How to Prepare for Your First Hunting Trip

Hunting is the backbone of human civilization. We became experts at the hunt millions of years ago and have only gotten better with advancements in strategy and weaponry. Although hunting is no longer necessary for most people, it’s still an exhilarating activity. You’ll have a blast on your first hunting trip, but first you need to take these eight essential preparatory steps.

1. Get Your Hunting License

First and foremost, you need to get your hunting license. The license gives you legal permission to hunt on public land, collect tags, and enter local competitions. You will also be able to hunt throughout North America and other international hunting destinations. Most states require you to take a hunter safety course before you can buy a license.

The safety course will teach you a lot of basic fundamentals. You’ll learn how to handle a firearm, navigate the terrain, and safely interact with other hunters. However, these tasks are easier said than done. You need to get real practice under your belt before your first hunting trip.

2. Spend Time in the Field

The vast majority of your hunting trip will consist of walking and waiting. As such, you need to develop your patience and conditioning. Spend more time in nature and observe the behaviors of different animals. Go on a few hikes to polish your outdoorsman skills. Try to make as little noise as possible while you walk. Get used to moving with stealth.

You should also research the area of your hunting trip. Where are the trails? What are the major geographical features? What animals and plants live there? Knowing the environment will boost your confidence and help you outmaneuver your prey.

3. Practice With Your Weapon

Practicing with your weapon is non-negotiable. If you’re lucky enough to get a shooting opportunity, you need the skills to hit your target. Flinching and not following through are the most common mistakes beginners make. You need to hold your shooting position after each shot to strengthen your resistance to the recoil.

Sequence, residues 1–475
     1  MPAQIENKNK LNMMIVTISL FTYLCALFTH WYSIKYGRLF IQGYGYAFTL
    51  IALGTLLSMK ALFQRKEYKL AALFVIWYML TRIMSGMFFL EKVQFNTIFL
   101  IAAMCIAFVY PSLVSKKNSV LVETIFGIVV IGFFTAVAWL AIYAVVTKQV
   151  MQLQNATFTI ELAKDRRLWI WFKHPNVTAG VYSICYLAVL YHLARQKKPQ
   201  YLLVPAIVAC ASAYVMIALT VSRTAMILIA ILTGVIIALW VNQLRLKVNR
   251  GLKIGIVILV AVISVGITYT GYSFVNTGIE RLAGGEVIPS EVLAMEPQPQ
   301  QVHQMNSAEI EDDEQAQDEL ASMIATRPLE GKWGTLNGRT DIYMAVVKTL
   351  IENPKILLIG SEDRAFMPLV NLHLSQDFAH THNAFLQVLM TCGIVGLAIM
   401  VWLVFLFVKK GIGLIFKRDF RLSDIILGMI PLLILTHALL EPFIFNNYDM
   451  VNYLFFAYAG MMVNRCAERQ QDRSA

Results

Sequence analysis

Beginners should always use basic scoped hunting rifles before trying more high-powered weapons. Make sure the scope is properly mounted and sighted. Do as much target practice as you can from standing and sitting positions. Learn how to clean the weapon in case it gets dirty on the trail.

4. Study Your Prey

Your first few hunting trips should focus on whitetail deer and small game. Only experienced hunters should go after elk, bears, and other large prey. If you’re hunting deer, you must know the difference between young bucks and mature bucks. Mature bucks have bigger antlers, squashed faces, and barrel chests. Immature bucks are thinner and long-legged.

You also need to know the best places you can shoot for an ethical kill. The goal of hunting is to kill the animal as quickly and painlessly as possible. The ideal spot is behind the deer’s shoulder and above the belly. This shot is guaranteed to penetrate the heart, lungs, or a major artery. It’s the cleanest death a mature buck can ask for.

5. Mask Your Scent

Animals can smell humans from miles away. You need to mask your scent if you want to get within range of your target. Keep these tips in mind before your first hunting trip:

  • Shower with scentless soap.
  • Wash your clothes with scentless detergent.
  • Remove any smelly items from your vehicle.
  • Don’t wear strong deodorant or cologne.
  • Don’t pack any pungent food.

The wind is another factor you need to consider. A strong gust can reveal your scent even if you took all of the above precautions. Avoid walking with the wind at your back so you don’t give away your position.

6. Plan to Hunt Early

Hunting trips are usually more productive early in the season for two reasons. For a start, you get first pickings of a fresh population. There will be fewer animals to shoot as the season progresses. Second, the animals won’t be as cautious around hunters early in the season. You can take advantage of unsuspecting prey and get an easier kill.

7. Dress for the Occasion

Camouflage requirements vary by state. Most places require 400 to 500 square inches of orange above the waist so other hunters can see you. You also need to dress warm, especially if you’re hunting in a tree stand. There’s nothing worse than being cold while you’re hunting. You can always take off a few layers if the temperature rises.

8. Go With an Experienced Hunter

Every beginner should accompany an experienced outdoorsman on their first hunt. Only experts should hunt alone, and even then it’s not very advisable. Go with a relative or trusted friend and try to soak up as much knowledge as you can. Follow all of their instructions and pay attention to their mannerisms. If you need to ask a question, speak in a whisper to avoid scaring off nearby animals.

Hunting Will Change Your Life

Hunting certainly isn’t for everyone, but if you like the outdoors, your first hunting trip will change your life. Even if you don’t get a kill, navigating nature and pursuing wild animals will give you a huge adrenaline rush. You’ll want to do it again and again. But don’t get ahead of yourself – remember these preparation steps to make your first trip a success.

Author Bio:

Jack Shaw is an avid outdoorsmen and national park lover. He works as a freelance writer in the men’s lifestyle niche.

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